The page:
Take a good look at that list. It’s about par for any summer. A lot of crap you’ve probably forgotten about, three or four titles you might watch once every ten years and two or three more you might actually own on DVD. The most shocking part of the list is that two of the five Best Picture nominees from that year, Kiss of the Spider Woman and Prizzi’s Honor, were released that summer. That didn’t happen very often, although it’s more likely to happen now there are ten BP nomination slots. But still, really think about it. How many of those movies did you see in theatres back then (assuming, of course, you were old enough at the time to go to see most of them). That summer, I saw Back to the Future, Cocoon, Explorers, Fletch, The Goonies, Kiss of the Spider Woman, Mad Max Beyond Thunderdome, National Lampoon’s European Vacation, Pale Rider, Prizzi’s Honor, Real Genius, Silverado, St. Elmo’s Fire and Weird Science in theatres. Of those, I only own one on DVD after all this time, which is of course Back to the Future. I’ll watch most of the others once every few years. But of the ones I didn’t see in theatres that I would ever watch again is Pee Wee’s Big Adventure, and I haven’t watched it in years.

Go back to any summer movie season in the past thirty five years and you’ll see the same thing over and over again. Mostly crap, a handful of films we’d watch if we stumbled across them on TV and a few we would actually own.

AlAlvarez
AlAlvarez on September 16, 2010 at 1:07 pm

Edward, summer movies have always included junk but never as bad this past summer.

“What other great movies were released in the summer of 1975, along with Jaws?”

THE RETURN OF THE PINK PANTHER, LOVE AND DEATH, NASHVILLE, THE MAN IN THE GLASS BOOTH plus numerous Disney re-releases even during a product shortage year.

“What other perennials were released the same timeframe in 1977, the summer of Star Wars?”

NEW YORK NEW YORK, CRIA!, THE SPY WHO LOVED ME, AGUIRRE- THE WRATH OF GOD, SUSPIRIA, THE HILLS HAVE EYES, plus Disney re-releases

Or 1981, the summer of Raiders?

OUTLAND, FOR YOUE EYES ONLY, THE GREAT MUPPET CAPER, THE DECLINE OF WESTERN CIVILIZATION, ESCAPE FROM NEW YORK, LILI MARLEEN, ARTHUR, EYE OF THE NEEDLE, AN AMERICAN WEREWOLF IN LONDON, PRINCE OF THE CITY.

Or 1984, the summer of Ghostbusters?

STAR TREK III, ONCE UPON A TIME IN AMERICA, THE KARATE KID, GREMLINS, ANOTHER COUNTRY, THE POPE OF GREENWICH VILLAGE, THE 4TH MAN, THE GODS MUST BE CRAZY, THE NEVERENDING STORY, PURPLE RAIN, TIGHTROPE, CHOOSE ME.

“Let’s go back 25 years, to 1985. Back to the Future was a smash, but what else came out that summer?”

You name a lot of fun films and classics including:
Cocoon, The Emerald Forest, The Goonies, Kiss of the Spider Woman, Mad Max Beyond Thunderdome, National Lampoon’s European Vacation, Pale Rider, Pee Wee’s Big Adventure, Prizzi’s Honor, Rambo: First Blood Part 2, St. Elmo’s Fire, A View to a Kill.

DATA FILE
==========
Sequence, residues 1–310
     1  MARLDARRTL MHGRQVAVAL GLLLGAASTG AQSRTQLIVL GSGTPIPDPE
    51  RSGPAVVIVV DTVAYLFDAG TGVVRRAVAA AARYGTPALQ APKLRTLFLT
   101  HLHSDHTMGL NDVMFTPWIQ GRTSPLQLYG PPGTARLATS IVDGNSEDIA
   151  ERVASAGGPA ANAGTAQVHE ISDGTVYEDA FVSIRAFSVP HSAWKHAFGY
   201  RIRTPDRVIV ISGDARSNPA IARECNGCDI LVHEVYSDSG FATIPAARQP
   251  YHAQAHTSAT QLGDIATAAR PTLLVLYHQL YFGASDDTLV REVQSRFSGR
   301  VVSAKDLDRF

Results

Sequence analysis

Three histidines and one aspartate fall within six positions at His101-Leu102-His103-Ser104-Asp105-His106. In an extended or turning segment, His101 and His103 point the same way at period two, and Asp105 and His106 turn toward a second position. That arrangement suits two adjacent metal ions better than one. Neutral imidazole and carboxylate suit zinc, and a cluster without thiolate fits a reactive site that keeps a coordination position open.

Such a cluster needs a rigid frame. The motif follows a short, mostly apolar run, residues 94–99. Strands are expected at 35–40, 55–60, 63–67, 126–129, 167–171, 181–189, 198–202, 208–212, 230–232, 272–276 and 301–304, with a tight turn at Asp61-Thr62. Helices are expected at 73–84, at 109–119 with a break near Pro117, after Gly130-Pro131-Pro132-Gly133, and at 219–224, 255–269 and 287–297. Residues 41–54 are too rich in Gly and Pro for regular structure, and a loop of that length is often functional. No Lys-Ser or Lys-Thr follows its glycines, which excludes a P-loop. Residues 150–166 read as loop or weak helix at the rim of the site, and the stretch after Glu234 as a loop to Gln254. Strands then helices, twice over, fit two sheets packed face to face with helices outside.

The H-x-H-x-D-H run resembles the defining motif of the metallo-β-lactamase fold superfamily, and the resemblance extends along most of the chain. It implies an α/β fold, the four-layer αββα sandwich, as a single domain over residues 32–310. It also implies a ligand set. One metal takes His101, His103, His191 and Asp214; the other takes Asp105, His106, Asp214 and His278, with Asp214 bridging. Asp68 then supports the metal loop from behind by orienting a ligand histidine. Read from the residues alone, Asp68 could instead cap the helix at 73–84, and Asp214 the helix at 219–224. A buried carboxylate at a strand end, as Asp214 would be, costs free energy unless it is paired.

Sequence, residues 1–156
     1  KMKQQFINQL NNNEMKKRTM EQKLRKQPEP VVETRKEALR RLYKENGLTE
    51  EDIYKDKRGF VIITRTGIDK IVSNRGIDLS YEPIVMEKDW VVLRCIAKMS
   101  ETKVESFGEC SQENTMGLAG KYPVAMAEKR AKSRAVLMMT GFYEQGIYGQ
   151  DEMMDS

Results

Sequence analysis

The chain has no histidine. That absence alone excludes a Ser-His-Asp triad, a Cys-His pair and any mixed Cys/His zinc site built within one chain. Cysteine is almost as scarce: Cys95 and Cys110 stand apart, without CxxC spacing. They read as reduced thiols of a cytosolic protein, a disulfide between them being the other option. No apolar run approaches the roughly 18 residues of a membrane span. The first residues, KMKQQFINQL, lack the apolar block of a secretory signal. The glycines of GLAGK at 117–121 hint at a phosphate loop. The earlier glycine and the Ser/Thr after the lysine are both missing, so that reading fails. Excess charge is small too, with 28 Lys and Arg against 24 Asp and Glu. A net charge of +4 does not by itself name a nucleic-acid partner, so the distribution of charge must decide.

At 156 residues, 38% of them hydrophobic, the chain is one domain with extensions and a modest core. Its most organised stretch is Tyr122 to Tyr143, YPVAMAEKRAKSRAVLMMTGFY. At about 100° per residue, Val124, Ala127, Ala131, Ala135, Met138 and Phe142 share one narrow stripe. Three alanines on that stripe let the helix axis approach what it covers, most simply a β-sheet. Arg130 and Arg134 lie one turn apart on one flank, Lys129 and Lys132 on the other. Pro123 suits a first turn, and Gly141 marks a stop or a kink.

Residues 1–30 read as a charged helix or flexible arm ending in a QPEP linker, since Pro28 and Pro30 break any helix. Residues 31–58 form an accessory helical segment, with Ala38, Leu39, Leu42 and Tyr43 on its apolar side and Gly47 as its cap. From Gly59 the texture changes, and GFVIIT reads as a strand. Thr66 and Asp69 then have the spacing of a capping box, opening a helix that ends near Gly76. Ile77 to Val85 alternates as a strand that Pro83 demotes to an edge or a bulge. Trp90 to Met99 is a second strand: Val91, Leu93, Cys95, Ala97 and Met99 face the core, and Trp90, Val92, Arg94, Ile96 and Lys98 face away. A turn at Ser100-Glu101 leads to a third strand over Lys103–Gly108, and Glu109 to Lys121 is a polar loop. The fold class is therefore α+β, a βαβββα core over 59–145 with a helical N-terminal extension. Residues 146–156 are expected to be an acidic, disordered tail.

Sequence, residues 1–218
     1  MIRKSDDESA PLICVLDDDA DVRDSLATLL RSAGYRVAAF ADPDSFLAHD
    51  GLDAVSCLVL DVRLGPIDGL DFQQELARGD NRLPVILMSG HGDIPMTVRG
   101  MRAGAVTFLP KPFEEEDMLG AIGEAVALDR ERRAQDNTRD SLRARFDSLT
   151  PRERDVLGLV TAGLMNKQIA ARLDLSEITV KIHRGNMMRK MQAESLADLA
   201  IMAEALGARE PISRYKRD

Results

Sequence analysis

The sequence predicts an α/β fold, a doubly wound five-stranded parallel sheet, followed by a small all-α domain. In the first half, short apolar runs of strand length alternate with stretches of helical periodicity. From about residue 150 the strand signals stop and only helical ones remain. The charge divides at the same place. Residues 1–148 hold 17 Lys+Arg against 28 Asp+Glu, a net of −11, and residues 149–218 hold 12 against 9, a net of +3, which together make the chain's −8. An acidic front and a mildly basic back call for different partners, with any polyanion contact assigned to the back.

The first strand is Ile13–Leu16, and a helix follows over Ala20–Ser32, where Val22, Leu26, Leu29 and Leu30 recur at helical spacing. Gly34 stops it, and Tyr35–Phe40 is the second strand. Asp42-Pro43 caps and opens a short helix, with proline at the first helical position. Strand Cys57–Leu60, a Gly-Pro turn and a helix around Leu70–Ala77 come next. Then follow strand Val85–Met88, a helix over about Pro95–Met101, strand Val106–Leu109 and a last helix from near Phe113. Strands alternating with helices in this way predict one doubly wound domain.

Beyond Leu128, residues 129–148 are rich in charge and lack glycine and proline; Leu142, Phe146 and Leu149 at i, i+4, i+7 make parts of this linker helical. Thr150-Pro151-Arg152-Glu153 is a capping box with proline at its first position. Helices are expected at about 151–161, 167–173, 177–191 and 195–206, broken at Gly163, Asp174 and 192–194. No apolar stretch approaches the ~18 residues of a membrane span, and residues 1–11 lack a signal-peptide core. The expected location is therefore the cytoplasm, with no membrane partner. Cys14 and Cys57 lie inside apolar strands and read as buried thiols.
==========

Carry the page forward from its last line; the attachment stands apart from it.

You left out THE HOME AND THE WORLD, A FLASH OF GREEN, THE COCA-COLA KID, THE HOLY INNOCENTS.

Can you name that many fun films or classics in the summer of 2010? I can only name three passable titles all summer. That’s possibly the worst record since theatre air conditioning was invented. That the drop was only 6% is a great testament to the power of opening weekend marketing.

dfc
dfc on September 16, 2010 at 1:55 pm

“Hmmm… I wonder if the fact that we are a restored 1933 art deco single screen theatre that still uses curtains, uniformed staff, no screen ads, and only charges $3.00 for tickets and no more then $3.00 for even our large concession items has anything to do with it? – posted by RickWolfe”

Rick, where is your theater? Charging $3, you can’t be in a major metro area. Glad to see your theater is doing well.

KenLayton
KenLayton on September 16, 2010 at 2:23 pm

The prices at most theaters have finally become the breaking point. Too high for most families in a bad economy. Thank goodness for drive-ins and independent theaters who are doing their best to make a trip to the theater affordable.

RichardCWolfe
RichardCWolfe on September 16, 2010 at 5:45 pm

I’m in the Allentown-Bethlehem-Easton (Lehigh Valley) Pennsylvania metro area of 700,000 people.

You can visit us at: www.roxytheaternorthampton.com

AlAlvarez
AlAlvarez on September 16, 2010 at 11:06 pm

It’s not the theatres. It never has been.

It it simply a bad product year motivated, as always, by huge previous grosses for bad movies like THE DARK KNIGHT Batman killer and those LORD OF THE RINGS literature abortions.

William
William on September 17, 2010 at 6:36 am

In the last 30 years I would go to the movies once or twice and sometimes three times a week. So it was easy to hit 50-75 films a year at a theatre. But with work, home video and cable that number went down each year. I work in the film business (production now) and have worked as a theatre projectionist. So those above numbers are for off time from work. So now I’m luck from I hit 10 times going to the movies. And that’s with free passes to the theatre. It’s easier to see the films at home now. I get Blu-ray discs from Netflix and have a full 103" HD projection with pro Dolby Digital sound. (It’s nice to know the guys at Dolby Labs.)
Hollywood greenlights these projects that look good on paper. Or will play well for the 17 year old market.

efriedmann
efriedmann on September 20, 2010 at 12:26 pm

I used to be an addict when it came to going to the movies. This summer, the only film I saw was TOY STORY 3 with my little boy. I haven’t been to a grown up film for myself since AVATAR last January. What does that tell you???

Mike Rogers
Mike Rogers on November 23, 2010 at 1:03 pm

Movies for the most part just don’t do it for me.No Lancaster,Fonda.Heston.Wayne,McQueen,Eastwood is retired.Nope this crop of Movie heroes Stink,Guys.

Mike Rogers
Mike Rogers on November 23, 2010 at 4:59 pm

Please Forgive me,I forgot Kirk Douglas.